Sunday, June 16, 2013


June 16, 2013


Springfield, Illinois (JFK+50) ABRAHAM LINCOLN gave his famous "House Divided " speech to a thousand delegates at the close of the Illinois State Republican Convention 155 years ago today, June 16, 1858, here in Springfield.

Quoting from the THE HOLY BIBLE (Mark, Chapter 3, Verse 25): "And if a house be divided against itself, that house cannot stand,"  Mr. Lincoln said:

"A house divided against itself cannot stand.  This government cannot remain half-slave and half-free."

While most people today associate that quote with Lincoln, they may not realize that he was not the first politician or American writer to make reference to it.

During the debate on the Compromise of 1850 in the Senate of the United States, SAM HOUSTON used these words...

"A nation divided against itself cannot stand."

And in 1776, THOMAS PAINE wrote in Common Sense in reference to the British monarchy...

"This hath all the distinctions of a house divided against itself."

I would argue, also, that most people who associate the quote exclusively with Lincoln, are not even remotely aware that in the "House Divided" speech, the future president of the United States warned that the nation was just "one (Supreme Court) decision away" from slavery becoming the law of the land.

Abraham Lincoln in 1860
Photo by Matthew Brady

Mr. Lincoln said...

"I believe this government cannot endure permanently half slave and half free.  I do not expect the Union to be dissolved--I do not expect the house to fall--but I do expect it will cease to be divided.  It will become all one thing or all the other."

Lincoln continued...

"Either the opponents of slavery will arrest the further spread of it, and place it where the public mind shall rest in the belief that it is in the course of ultimate extinction, or its advocates will push it forward til it shall become lawful in all the States."

Mr. Lincoln's speech placed him in direct opposition to his Democratic opponent in the coming general election, incumbent Senator Stephen A. Douglas.*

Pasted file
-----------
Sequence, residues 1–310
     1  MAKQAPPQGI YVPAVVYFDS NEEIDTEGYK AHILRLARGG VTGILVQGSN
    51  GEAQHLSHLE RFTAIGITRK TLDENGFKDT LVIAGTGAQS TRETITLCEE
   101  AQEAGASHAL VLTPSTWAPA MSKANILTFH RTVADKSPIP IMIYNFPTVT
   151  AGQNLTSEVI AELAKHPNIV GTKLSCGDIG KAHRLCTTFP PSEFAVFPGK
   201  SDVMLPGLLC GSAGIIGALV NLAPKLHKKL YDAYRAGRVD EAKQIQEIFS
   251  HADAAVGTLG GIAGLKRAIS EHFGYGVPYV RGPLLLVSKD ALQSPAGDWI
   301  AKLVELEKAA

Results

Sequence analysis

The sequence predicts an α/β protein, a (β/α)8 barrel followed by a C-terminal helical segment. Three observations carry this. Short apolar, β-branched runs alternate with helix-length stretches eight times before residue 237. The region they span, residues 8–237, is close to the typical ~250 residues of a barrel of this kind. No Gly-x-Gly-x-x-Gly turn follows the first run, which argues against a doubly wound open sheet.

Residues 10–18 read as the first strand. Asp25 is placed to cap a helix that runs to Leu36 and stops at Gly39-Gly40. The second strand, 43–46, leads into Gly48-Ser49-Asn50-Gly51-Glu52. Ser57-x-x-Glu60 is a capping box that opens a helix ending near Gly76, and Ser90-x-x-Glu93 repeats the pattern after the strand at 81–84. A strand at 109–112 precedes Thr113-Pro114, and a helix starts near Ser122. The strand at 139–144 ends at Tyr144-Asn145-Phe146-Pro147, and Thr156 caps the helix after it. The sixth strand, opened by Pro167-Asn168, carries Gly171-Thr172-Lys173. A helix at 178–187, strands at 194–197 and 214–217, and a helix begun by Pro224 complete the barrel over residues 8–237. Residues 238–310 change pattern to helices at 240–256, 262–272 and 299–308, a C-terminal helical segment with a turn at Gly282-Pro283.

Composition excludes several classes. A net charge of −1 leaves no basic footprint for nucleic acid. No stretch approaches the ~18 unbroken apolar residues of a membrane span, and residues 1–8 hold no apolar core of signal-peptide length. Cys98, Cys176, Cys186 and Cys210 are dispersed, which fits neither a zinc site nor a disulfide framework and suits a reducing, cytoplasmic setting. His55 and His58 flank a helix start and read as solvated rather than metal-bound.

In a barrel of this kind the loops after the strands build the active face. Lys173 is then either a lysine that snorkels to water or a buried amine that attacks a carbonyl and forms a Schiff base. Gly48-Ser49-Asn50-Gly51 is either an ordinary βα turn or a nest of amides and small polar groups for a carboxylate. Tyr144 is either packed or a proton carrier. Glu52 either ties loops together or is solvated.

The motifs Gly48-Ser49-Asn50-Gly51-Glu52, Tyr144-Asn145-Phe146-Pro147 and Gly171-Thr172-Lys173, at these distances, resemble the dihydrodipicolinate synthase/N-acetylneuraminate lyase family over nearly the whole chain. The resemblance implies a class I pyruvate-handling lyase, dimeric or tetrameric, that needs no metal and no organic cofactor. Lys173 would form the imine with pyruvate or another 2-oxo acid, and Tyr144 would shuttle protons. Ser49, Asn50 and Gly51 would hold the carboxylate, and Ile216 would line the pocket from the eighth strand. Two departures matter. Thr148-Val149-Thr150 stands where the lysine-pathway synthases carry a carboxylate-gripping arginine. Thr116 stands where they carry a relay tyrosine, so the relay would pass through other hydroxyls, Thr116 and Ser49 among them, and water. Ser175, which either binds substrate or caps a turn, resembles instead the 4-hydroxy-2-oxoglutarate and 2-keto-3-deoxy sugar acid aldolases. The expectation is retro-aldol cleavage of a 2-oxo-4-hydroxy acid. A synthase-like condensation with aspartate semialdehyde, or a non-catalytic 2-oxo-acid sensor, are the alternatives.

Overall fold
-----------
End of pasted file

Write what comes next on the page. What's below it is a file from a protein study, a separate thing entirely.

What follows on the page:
*Stephen A. Douglas (1813-1861) was born in Brandon, Vermont.  He studied law and moved to Illinois where he was elected to the U.S. House of Representatives in 1843 and the U.S. Senate in 1846.  After losing the presidency to Lincoln in 1860, he opposed secession and supported Lincoln's call for troops to defend the Union.  Douglas died of typhoid fever.

                Statue of Stephen A. Douglas
                              by Lily Tolpo
             Debate Square, Freeport, Illinois
                 Photo by IvoShandor (2007)

Senator Douglas, a national figure for years, advocated "popular sovereignty," or the right of the people of each territory to vote slavery up or down by majority.

Lincoln said...

"We are now far into the fifth year since a policy was initiated...of putting an end to slavery agitation (but) that agitation has not only NOT ceased, but has constantly augmented."

Mr. Lincoln reminded his fellow Republicans that in 1854 slavery was ILLEGAL in more than HALF of the States of the Union as well as in MOST of the western territories.

But, Lincoln also reminded them that by virtue of passage of the KANSAS-NEBRASKA ACT of 1854, proposed by Senator Douglas, slavery was an open question in ALL THE TERRITORIES.

And in reference to the recent decision in which the Supreme Court ruled slaves were not citizens and could not sue for their freedom or anything else in the court system, Lincoln said...

"The reputed author of the Nebraska bill (Senator Douglas) finds an early occasion to make a speech...endorsing the Dred Scott decision."

I would argue further that most people today who associate "House Divided" with Abraham Lincoln have no clue that in that speech he advocated the overthrow of the "present political dynasty."

Lincoln said...

"(One Supreme Court) decision is all that SLAVERY now lacks of being lawful in ALL the States...unless the power of the present political dynasty shall be met and overthrown."

Lincoln continued...

"That is what we have to do.  How best can we do it?"

Abraham Lincoln said that his general election opponent, Senator Douglas, "don't care anything about" opposing the advancement of slavery and while Lincoln recognized Douglas's "great ability," he said that he was "clearly...not with us (and) does not promise to be."

The future 16th President of the United States concluded his "House Divided" speech with this promise...

"We shall not fail--if we stand firm.  Sooner or later the victory is sure to come."**


"Life and Works of Abraham Lincoln, Volume 4," ed. Marion Mills Miller,

**Abraham Lincoln lost his bid to unseat Senator Douglas in the general election.  The final vote in the Illinois Legislature was 54 to 46 in favor of Douglas.  In 1860, however, Lincoln would get another chance against Douglas, this time for the Presidency of the United States.